The role of decidual natural killer cells in normal placentation and in the pathogenesis of preeclampsia.
Experiments using murine models and in vitro evidence using human tissue cultures suggest that dNK cells modulate extravillous trophoblast (EVT) invasion and remodelling of maternal spiral arteries via both contact-dependent and con
tact-independent mechanisms. In addition, the differential expression of surface receptors by dNK cells may have a role in determining reproductive success through modulation of the maternal immune system at the time of implantation and placentation.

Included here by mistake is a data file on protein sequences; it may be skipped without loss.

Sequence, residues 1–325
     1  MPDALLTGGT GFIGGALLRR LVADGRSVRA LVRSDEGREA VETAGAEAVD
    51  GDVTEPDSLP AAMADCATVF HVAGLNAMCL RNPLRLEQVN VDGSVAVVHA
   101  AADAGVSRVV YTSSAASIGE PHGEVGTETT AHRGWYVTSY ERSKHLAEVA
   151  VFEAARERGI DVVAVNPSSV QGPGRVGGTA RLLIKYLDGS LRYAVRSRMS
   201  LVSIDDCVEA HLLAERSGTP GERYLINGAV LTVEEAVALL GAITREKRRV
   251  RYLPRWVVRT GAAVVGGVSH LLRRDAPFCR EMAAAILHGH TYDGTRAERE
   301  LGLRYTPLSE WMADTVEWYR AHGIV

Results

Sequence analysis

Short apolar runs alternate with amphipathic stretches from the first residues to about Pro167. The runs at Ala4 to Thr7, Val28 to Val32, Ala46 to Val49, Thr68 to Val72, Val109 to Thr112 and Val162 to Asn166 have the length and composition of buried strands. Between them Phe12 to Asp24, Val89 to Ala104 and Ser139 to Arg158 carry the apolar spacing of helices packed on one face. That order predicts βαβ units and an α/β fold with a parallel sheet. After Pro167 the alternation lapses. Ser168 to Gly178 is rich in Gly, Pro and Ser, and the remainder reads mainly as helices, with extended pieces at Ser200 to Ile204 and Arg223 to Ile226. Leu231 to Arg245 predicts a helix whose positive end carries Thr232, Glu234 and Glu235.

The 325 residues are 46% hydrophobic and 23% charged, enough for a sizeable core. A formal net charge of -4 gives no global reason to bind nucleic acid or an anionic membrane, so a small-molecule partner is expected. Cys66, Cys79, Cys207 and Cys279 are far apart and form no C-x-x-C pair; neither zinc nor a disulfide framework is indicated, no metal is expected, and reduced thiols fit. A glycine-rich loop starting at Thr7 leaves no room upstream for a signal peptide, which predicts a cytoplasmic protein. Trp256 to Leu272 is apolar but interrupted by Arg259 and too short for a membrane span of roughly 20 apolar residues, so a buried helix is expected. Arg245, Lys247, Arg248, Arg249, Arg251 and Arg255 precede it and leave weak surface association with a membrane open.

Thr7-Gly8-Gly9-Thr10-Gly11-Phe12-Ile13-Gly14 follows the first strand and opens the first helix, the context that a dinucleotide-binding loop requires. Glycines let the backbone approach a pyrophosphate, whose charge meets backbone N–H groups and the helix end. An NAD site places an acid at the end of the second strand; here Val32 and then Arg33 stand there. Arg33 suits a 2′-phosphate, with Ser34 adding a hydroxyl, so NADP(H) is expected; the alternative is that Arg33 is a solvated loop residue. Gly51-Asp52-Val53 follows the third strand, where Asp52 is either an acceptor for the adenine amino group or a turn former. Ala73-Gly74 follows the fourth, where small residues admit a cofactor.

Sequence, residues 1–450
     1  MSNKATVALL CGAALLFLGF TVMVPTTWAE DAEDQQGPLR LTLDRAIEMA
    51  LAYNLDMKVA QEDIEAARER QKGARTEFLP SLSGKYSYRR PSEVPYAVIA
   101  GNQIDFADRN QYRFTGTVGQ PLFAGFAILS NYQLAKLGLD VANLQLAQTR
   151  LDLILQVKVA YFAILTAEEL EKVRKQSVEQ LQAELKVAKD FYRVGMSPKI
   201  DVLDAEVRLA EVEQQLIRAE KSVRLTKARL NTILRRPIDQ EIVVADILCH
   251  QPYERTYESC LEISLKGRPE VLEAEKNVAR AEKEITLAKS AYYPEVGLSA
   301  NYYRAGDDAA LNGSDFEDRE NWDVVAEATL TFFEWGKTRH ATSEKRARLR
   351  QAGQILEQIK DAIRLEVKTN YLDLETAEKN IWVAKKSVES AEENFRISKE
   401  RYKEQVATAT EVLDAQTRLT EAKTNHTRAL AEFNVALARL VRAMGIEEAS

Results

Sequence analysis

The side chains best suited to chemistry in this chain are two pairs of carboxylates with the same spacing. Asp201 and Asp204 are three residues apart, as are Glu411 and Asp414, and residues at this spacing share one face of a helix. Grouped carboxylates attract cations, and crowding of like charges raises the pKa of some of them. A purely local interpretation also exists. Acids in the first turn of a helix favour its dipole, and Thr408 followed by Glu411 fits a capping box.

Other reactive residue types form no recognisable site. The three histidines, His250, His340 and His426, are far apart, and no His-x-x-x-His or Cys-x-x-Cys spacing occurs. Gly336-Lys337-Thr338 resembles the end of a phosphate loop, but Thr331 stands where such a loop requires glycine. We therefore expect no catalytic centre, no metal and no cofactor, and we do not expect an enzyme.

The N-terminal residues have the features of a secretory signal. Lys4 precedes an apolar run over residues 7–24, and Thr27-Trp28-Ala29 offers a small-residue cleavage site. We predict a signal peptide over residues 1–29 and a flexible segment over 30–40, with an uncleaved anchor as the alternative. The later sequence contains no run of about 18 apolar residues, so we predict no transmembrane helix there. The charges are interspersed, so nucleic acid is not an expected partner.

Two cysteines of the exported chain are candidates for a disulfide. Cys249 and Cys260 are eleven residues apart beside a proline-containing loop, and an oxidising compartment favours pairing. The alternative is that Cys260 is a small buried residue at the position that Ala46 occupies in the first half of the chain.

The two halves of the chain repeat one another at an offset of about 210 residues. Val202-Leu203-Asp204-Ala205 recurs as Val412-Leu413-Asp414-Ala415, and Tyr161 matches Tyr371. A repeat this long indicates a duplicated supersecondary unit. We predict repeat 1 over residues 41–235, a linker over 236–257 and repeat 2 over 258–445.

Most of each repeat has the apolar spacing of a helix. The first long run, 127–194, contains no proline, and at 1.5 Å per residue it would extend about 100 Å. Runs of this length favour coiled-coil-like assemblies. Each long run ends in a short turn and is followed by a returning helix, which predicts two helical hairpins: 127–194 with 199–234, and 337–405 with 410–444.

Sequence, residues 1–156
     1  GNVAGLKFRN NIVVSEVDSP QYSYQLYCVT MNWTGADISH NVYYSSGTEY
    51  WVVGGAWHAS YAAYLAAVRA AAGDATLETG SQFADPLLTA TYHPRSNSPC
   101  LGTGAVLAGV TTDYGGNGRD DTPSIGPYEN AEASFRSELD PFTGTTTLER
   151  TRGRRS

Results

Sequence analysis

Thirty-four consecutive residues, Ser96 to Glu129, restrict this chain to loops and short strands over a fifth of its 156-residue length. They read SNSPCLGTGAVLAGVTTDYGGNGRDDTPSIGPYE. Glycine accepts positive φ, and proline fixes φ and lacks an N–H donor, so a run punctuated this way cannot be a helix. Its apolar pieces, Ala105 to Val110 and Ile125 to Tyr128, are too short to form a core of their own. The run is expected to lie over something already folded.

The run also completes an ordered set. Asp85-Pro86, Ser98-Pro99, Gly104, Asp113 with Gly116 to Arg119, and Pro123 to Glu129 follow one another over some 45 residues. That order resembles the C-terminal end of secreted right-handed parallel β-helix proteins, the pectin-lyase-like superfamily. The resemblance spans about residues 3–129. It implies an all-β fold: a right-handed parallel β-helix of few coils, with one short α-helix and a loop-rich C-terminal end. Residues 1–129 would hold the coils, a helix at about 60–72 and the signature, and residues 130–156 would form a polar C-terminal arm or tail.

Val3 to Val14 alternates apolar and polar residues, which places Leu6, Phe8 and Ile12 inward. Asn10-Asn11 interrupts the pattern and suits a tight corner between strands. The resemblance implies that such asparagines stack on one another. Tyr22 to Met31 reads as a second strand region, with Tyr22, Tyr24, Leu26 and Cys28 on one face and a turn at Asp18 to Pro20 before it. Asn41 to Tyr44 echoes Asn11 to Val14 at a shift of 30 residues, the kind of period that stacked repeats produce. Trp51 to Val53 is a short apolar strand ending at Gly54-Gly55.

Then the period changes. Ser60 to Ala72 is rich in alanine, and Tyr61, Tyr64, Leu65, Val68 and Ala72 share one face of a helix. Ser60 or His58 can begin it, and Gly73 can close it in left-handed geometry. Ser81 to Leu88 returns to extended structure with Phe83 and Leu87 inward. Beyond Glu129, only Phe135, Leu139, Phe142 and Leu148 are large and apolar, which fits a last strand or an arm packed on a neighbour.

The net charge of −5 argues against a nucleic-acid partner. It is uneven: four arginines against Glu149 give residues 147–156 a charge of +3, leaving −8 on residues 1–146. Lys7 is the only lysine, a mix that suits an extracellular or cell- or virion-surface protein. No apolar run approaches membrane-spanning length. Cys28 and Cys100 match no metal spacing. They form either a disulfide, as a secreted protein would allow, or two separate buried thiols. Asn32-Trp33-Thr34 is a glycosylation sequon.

The roles of cytokines, chemokines, and growth factors secreted by dNK cells and their influence on EVT migration, invasion, and pseudovasculogenesis are of particular interest.
We reviewed the available experimental evidence related to the functional relationships between dNK cells and trophoblasts at the time of placentation to elucidate potential clinical correlations with human pathologies, including preeclampsia, recurrent pregnancy loss, IVF failure, and placenta accreta.